Add these to your 12 days of Christmas list. Thirteen nudibranchs, seven spiders, three new scorpions and a shrew with a really big nose.
These are some of the 85 newly identified plant and animal species researchers at the California Academy of Sciences added in 2017. The list of species ranges from 16 flowering plants to a deepwater coral, all of which were described by more than a dozen of the academy’s scientists exploring five continents and three oceans.
“Despite tireless efforts to explore from the far-flung corners of the globe to our backyard crannies,” Academy Chief of Science Shannon Bennett said in a press release announcing the list, “scientists estimate that more than 90 percent of species have yet to be discovered — with many going extinct before we even know they exist. We are not only losing members of the tree of life; we are also forfeiting potential breakthroughs in medicine, agricultural pollinators, water purifiers and many other critical components of a healthy planet.”
The species include:
More closely related to elephants than true shrews, the Rhynchocyon stuhlmanni has regained its status as a full species after being reclassified as a sub-species of giant elephant-shrew, also known as a giant sengi. The white-tailed species inhabits the Congo Basin and western Uganda.
Club-tailed scorpions, peaceful spiders and blood-sucking ants
A revision of a large group of neotropical club-tailed scorpions led to three new descriptions of colorful species, and two new groups, throughout the Americas.
Newly discovered spiders include two false wolf spiders, Devendra saama and Devendra amaiti, found in the southern highlands of Sri Lanka. Their names mean “peace” in Sinhalese and Tamil to honor the end of that country’s civil war.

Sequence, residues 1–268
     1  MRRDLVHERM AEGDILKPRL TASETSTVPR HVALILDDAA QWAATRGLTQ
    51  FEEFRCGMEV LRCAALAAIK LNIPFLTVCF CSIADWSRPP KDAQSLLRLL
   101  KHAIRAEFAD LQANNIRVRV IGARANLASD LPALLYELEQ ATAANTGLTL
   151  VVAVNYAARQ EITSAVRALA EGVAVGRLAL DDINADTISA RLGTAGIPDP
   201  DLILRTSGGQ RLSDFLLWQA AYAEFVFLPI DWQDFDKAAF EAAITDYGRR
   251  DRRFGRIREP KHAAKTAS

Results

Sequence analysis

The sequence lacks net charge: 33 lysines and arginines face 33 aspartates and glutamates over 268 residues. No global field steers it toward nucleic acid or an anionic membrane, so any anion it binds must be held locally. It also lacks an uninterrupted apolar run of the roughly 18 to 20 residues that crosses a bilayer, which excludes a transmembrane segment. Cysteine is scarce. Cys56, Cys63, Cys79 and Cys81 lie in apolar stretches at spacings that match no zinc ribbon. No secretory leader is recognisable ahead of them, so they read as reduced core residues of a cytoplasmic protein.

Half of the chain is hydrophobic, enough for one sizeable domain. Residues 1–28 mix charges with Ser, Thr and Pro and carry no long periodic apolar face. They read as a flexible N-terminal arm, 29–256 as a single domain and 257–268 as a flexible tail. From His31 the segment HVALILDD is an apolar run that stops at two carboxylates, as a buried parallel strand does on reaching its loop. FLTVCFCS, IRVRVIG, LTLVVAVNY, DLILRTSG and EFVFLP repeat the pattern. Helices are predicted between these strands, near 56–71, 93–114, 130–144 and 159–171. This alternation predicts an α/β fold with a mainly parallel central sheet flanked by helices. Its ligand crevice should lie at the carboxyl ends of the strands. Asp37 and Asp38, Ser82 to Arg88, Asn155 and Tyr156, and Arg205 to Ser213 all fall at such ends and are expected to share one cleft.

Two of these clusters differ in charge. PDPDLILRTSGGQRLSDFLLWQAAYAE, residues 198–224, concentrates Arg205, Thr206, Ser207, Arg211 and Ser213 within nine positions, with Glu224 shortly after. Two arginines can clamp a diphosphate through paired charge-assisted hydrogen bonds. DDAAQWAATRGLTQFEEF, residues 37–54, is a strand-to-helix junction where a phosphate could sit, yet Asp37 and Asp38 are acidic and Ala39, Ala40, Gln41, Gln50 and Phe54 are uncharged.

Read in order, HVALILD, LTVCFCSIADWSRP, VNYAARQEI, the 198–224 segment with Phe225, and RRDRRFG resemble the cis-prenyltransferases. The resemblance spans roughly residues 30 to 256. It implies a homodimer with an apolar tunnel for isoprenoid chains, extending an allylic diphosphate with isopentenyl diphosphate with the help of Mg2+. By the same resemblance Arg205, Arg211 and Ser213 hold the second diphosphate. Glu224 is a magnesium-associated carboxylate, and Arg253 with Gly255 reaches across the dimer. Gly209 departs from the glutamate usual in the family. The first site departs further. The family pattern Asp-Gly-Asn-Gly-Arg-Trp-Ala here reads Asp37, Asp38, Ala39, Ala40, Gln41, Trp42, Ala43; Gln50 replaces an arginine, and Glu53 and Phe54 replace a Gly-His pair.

Researchers also discovered seven new species of so-called “Dracula ants,” famous for drinking the blood of their larvae. They include six from Madagascar and a species from Taiwan that spends its entire life beneath the soil or inside rotten logs.
Researchers discovered new species of so-called “ghost sharks,” some of which come from depths of more than 7,000 feet. As commercial fisheries plumb deeper waters, biologists say, these unknown species are appearing more and more.
A coral with eight-tentacles from 1,000 feet beneath the surface revealed rectangular spicules, qualifying it as a unique species of octocoral.
Academy curator of invertebrate zoology Dr. Terry Gosliner added to his list of 1,000 discovered species of sea slugs with 13 more. Eight were described from the Philippines and are members of the bat-wing family which, unlike most sea slugs, are capable of swimming. He named one species Siphopteron dumbo because of its resemblance to the flying elephant.
Researchers also added 22 new fish species, including 20 new reef fish, a catfish from China and a butterfly fish with a black fin spine.
|David Frey is an editor at The Wildlife Society. Contact him at email@example.com with any questions or comments about his article. Read more of David's articles here.
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